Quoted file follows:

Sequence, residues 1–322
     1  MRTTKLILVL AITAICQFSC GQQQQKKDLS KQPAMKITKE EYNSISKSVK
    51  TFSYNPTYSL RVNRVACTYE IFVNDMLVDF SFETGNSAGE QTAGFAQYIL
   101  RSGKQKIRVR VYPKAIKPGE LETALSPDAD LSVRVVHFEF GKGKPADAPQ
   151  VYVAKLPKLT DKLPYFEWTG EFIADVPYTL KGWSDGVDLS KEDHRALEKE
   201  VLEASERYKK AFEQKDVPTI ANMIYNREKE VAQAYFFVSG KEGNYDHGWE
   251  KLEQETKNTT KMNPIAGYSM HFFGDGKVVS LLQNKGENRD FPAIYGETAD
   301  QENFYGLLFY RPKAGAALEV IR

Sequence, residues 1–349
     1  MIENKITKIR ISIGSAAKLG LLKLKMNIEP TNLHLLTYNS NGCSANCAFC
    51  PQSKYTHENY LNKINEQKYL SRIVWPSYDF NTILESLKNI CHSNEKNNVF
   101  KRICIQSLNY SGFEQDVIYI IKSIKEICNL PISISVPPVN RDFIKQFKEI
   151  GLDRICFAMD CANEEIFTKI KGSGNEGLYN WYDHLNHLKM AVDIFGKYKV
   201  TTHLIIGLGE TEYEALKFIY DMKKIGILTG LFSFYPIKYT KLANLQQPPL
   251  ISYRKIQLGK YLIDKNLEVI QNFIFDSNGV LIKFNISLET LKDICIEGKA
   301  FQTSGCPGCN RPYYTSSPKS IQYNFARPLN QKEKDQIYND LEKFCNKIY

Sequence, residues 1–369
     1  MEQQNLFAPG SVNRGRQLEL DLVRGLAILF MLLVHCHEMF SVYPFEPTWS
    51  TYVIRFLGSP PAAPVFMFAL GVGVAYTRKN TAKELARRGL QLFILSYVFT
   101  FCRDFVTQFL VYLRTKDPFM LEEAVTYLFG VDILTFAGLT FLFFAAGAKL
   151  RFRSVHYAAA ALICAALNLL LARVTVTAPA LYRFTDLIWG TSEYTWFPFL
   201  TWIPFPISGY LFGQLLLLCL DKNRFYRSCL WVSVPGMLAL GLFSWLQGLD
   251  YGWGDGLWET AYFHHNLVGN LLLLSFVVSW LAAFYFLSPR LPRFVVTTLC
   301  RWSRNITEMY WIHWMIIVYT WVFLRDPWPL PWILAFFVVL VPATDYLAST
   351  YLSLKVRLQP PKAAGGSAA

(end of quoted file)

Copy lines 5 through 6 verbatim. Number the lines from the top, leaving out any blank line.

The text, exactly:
   151  VYVAKLPKLT DKLPYFEWTG EFIADVPYTL KGWSDGVDLS KEDHRALEKE
   201  VLEASERYKK AFEQKDVPTI ANMIYNREKE VAQAYFFVSG KEGNYDHGWE